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All Gone West
Kristen French and Joseph Robinson. Photo by Jonathan Slaff.
"All Gone West"
By John Attanas
Produced and directed by Jonathan Fluck
Teatro Circulo, 64 East Fourth St., NYC
March 28 to April 18
Reviewed March 28, 2015 by Larry Litt
As I watched Sam, played by virtuoso Joseph Robinson, project and confess his love for Mary played by sexy Kristen French I wondered if this play's message is the necessity of recognizing incompatible relationships before it's too late.
Sam has a powerful, overwhelming ambition to rise above his current job as a bartender. He's an uneducated World War 2 veteran who hasn't taken advantage of the GI Bill. Instead he dreams of opening a very cool jazz club in the hot 1940's midtown Manhattan's Music district.
One fate filled night his life changes forever through an unexpected encounter with Mary. She's out on a date with her older lover Joe. They come into Sam's bar where he's doubling as a waiter. Joe is an estranged but still very much married City College economics professor. Mary works as a secretary in the economics department of City College. She's learned the concepts of academic economics, namely to ask "what’s in it for me?" Professor Joe is convincingly portrayed by Glen Williamson as a pompous, drunken, aging clown waiting for a major tragedy to fall on him from above. And it does when Mary leaves him for Sam.
L-R: Kristen French, Joseph Robinson and Glen Williamson. Photo by Jonathan Slaff.
Now here's the thing I don't get. Mary is a teetotaler who only drinks Pepsi on the rocks. Sam drinks just about anything alcoholic. However he's not a sadlush like Professor Joe. Even worse Mary doesn't understand or even like contemporary jazz. She's a Perry Como fan. Sam loves and admires the new post war jazz music and its musicians believing with all his heart they should be heard in clubs. Mary is an old fashioned girl who happens to be an atheist still living with her religious mother. Mary gives us the impression she's a Mama's girl.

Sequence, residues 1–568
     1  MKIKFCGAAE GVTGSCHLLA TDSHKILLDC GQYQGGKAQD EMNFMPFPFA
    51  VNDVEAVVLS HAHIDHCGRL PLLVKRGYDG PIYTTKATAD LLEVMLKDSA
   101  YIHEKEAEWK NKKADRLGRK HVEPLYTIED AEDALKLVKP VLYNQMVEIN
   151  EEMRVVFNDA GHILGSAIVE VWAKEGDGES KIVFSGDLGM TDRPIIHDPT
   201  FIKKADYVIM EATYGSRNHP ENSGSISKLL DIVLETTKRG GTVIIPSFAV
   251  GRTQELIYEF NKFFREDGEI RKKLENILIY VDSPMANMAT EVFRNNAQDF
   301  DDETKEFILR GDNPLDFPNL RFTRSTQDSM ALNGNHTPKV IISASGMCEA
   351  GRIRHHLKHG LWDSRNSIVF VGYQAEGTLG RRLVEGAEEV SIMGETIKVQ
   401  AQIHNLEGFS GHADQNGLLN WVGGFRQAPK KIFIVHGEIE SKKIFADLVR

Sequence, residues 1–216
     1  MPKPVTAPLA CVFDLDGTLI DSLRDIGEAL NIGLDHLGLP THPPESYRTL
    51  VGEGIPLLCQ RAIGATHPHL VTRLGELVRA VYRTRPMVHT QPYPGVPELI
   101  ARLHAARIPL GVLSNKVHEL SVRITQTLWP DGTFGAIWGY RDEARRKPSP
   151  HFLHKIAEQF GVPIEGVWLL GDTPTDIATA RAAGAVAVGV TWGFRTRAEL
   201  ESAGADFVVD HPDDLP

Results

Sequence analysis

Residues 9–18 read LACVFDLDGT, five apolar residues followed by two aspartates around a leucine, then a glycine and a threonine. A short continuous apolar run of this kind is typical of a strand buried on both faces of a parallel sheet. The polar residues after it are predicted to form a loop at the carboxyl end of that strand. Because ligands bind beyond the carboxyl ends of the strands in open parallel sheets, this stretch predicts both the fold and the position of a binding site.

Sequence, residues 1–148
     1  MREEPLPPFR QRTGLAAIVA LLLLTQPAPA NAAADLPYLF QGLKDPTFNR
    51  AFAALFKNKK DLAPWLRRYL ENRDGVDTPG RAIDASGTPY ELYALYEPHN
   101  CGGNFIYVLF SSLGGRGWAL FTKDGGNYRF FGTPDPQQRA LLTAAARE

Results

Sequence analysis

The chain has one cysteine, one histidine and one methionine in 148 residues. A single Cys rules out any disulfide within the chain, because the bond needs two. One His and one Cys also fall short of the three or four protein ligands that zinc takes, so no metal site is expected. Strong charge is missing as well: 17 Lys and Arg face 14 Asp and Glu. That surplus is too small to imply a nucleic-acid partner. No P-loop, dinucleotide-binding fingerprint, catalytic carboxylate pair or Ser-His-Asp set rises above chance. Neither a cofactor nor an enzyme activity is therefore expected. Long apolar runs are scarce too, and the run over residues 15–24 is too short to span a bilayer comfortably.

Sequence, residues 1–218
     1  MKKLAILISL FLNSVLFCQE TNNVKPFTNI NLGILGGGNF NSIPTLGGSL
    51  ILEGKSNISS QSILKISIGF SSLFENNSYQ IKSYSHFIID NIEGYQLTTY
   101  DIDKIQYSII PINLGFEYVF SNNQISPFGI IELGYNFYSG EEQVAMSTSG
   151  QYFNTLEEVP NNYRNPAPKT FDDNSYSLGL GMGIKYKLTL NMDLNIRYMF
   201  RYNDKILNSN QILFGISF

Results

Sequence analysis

So what is Sam's attraction to Mary? Playwright John Attanas wants us to believe it's all about great sex. Sam lets a woman into his life with whom he doesn't have anything in common because she’s great in bed.Question: Does sex trump music? Perhaps Sam’s life is a cautionary tale told as a domestic quandary. In any event he marries the wrong woman.
L-R: Joseph Robinson and Kristen French. Photo by Rosalie Baijer.
More examples of Sam and Mary's incompatibility. When one of Sam's jazz musician friends Sonny Green, played exuberantly by Jesse Means, whom Mary doesn't like nor trust overdoses I could feel Mary's inner satisfaction. Does Sam react like a true friend of Sonny? No, he grieves alone. Mary glowers feeling superior.
When Sam's bar is closed down after a shylock, played with smarmy caution by Anthony Bosco, Sam owes money to is murdered I felt Mary's relief that Sam would finally take her away to California to live in the petite bourgeois lifestyle she's always wanted. Sam just gives up his New York dream for Mary's California Dreaming. Why are they still together?
Jesse Means and Joseph Robinson. Photo by Rosalie Baijer.
Playwright John Attanas asks some very important domestic questions in this play. Perhaps this is the American Dream Conflict Exposed.
The Jazz ensemble that accompanies most of the play is so good that for some moments I thought I was in a real jazz club. Band leader and drummer Henry Vaughn, vibraphonist Grady Tesch, Saxophonist Joe Wagner and bassist Jake Strauss are a brilliant addition to creating the play's mid-20th century reality.
With a bare set reminiscent of Beckett, director Jonathan Fluck gives us a slice of life that I recognized. It's not an uncommon story, it's how families are started with compromises borne from defeats and disappointments. It's easy to say "Don't let this happen to you." It's much more difficult to turn away from greatly satisfying physical love. Be wary or be prepared to pay the price.
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